And what about the statute that requires the CIA and the rest of the intelligence community to keep Congress “fully and currently informed” about all significant intelligence activities? Data on a foreign power manipulating the federal electoral process would certainly qualify. What will the White House position be when the agency is asked by Congress if it has learned anything more on the issue?
More immediately, what will CIA Director-designate Mike Pompeo say during his confirmation hearings about this? He is not yet director, so he can fairly deflect any questions on the substance of this debate, for now. But every TV set at Langley will be turned on during his confirmation hearings, and his most important audience will not be the senators on the dais. His future workforce will be looking for clues about his willingness to defend them against charges of incompetence and politicization simply for saying what their craft tells them to be true.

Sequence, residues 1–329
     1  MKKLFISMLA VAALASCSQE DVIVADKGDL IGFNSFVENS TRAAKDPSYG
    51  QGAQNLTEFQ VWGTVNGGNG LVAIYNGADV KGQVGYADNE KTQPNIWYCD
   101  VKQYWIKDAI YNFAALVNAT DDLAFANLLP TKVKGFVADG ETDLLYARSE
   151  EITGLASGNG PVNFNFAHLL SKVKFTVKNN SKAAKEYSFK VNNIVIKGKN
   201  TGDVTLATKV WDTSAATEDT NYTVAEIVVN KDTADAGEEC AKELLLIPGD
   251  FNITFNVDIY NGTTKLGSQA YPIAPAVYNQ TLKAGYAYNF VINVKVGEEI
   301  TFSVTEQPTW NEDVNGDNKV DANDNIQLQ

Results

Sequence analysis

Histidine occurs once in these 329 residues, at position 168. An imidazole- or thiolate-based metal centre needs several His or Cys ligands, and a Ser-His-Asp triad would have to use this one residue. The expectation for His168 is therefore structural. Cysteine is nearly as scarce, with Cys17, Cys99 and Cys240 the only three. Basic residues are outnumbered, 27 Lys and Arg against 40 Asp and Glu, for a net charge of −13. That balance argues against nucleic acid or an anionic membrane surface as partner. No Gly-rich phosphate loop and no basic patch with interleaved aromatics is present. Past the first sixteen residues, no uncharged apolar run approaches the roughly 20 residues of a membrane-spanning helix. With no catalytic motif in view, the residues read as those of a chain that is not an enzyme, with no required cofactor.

Former CIA director Leon Panetta got great marks from the agency for standing up against elements and actions of the Obama administration when it targeted CIA officers. Case officers and analysts will be looking for evidence they will get the same from Pompeo.
And, finally, how does the intelligence community break through and explain itself to the incoming team?
Can it convincingly make a case that an evidence-based description of Russian actions is not the same thing as an attack on the legitimacy of the president-elect?
Can it explain that, unlike law enforcement that seeks to prove things beyond any reasonable doubt, the purpose of intelligence is to enable meaningful policy and action even in the face of lingering doubt?
And can it demonstrate that the incoming administration should want — rather than discourage — this to better anticipate global trends and adversarial moves in time to reflect and decide on its own actions?
As I wrote last month, intelligence should be called on to create the basis, and set the boundaries, for rational policy choices. That’s still true.
The odds that it will happen, though, seem a little bleaker after this past week. And we are moving in the wrong direction.